There is a sort of shelf just for Hannah Arendt. “What do you mean by ‘a sort of shelf’?” But we shall not go there. Not today. Lined up together, Hannah Arendt’s books, and the books about her, are a domestic librarian’s nightmare, because some are much taller than the others, and to range them on a proper shelf wastes a lot of space. So: “a sort of shelf.” I’ll explain it some other time. Hold your breath.

I kept note of the books’ locations in Evernote. Each shelf, or section of a shelf (front or back — in the big central section, there is also a middle), has its own note, and in the note there is a table. I could wish that Evernote’s tables were more flexible. (I believe that they are, in their Apple incarnation.) You can’t alphabetize the rows, and you can’t insert rows in the middle of the table. So I have to line up the books, in alphabetical order, so that I can fill in the table in order. I’m not really sure that alphabetization is all that important; I’ve used it in the past because it gives me an idea of which end of the long central shelves to excavate when in search of a title.

But searching Evernote is easy-peasy. I just tested it. Pretending to be looking for Josef Pieper’s best-known work, I typed “Leisure” into the search box, and voilà: up came the note (C3R) with its table, and the search term highlighted in yellow (Leisure, the Basis of Culture). If I type in “Sontag,” two notes are returned, because her critical work is in one place, and the first volume of her diaries in another. Mind you, I’ve done only a few shelves so far.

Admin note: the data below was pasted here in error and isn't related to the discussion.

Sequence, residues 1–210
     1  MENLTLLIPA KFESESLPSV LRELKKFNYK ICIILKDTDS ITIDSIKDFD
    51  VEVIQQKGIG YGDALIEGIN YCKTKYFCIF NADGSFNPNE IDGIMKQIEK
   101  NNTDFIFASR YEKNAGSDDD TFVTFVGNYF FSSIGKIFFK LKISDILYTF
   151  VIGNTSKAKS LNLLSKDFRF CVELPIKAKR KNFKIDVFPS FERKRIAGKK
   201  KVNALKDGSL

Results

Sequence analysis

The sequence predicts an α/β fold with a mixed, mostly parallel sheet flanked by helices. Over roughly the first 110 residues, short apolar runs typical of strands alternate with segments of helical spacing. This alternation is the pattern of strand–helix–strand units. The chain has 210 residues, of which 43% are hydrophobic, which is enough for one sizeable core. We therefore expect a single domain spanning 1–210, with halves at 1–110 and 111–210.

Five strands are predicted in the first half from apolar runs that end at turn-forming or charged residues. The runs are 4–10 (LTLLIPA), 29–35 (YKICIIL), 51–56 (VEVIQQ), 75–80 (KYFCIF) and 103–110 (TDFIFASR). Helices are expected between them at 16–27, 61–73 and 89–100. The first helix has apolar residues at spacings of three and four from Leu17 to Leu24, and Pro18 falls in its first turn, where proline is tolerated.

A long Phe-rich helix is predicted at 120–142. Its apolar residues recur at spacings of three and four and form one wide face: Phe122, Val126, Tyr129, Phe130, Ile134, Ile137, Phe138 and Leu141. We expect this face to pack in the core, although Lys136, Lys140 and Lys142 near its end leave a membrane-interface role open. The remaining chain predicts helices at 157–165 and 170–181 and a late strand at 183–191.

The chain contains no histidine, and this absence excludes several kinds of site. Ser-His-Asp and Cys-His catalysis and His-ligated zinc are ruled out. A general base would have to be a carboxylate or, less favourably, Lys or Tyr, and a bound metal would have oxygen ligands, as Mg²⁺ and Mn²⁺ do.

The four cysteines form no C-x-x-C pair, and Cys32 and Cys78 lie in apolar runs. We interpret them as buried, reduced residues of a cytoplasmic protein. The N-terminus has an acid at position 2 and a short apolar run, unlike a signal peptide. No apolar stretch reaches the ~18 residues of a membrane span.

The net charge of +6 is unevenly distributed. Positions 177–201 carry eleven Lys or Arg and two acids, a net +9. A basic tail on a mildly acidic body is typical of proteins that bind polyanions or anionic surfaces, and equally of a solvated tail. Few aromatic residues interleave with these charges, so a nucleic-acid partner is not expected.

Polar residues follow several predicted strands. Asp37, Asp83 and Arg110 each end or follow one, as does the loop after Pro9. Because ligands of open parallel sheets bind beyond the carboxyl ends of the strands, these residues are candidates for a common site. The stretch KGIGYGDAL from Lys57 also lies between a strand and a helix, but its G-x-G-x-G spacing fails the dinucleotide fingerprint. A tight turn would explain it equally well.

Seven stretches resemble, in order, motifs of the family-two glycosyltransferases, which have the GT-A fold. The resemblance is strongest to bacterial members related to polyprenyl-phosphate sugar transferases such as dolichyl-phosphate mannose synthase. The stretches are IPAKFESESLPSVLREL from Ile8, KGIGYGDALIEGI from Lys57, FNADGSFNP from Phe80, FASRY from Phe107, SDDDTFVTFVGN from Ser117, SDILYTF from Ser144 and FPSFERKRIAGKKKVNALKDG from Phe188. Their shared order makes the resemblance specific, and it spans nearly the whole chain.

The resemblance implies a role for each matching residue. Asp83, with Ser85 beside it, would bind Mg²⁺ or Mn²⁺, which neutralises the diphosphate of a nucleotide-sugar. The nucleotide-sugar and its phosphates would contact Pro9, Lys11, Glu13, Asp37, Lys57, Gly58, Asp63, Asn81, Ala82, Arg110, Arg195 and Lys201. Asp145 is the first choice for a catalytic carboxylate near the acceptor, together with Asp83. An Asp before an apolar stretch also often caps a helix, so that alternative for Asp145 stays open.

I worked on the library as a way of keeping busy. I also did two loads of laundry. I made spaghetti alla carbonara for dinner. Then I sat down with Chapman Pincher and nearly finished his book, sipping wine as I read. I tried to follow Pincher’s somewhat complicated argument that Sir Roger Hollis, sometime head of MI5, was a Soviet agent. In the end, I was persuaded, but I was mindful, too, that the kind of British treachery that was exemplified by Kim Philby and Anthony Blunt, et alia, originated in the deepest ideological murk, and flourished during the War, when Britain and Russia were allies. It was also fueled by a strange brew of contempt for and resentment of Americans, who within the space of a generation displaced the United Kingdom as top dog — and who had the temerity to think that they spoke English to boot! It’s very complicated, and I can well understand why the British establishment has dragged its feet about outing its traitors.

I saved the last two chapters of Dangerous to Know for later. Kathleen called; I took my pill; I slept through the night. It’ll be a few hours before I get wound up again. And, on that note…


Bon week-end à tous!

Gotham Diary:
Points of View
November 2015 (IV)

Monday, November 23rd, 2015

Monday 23rd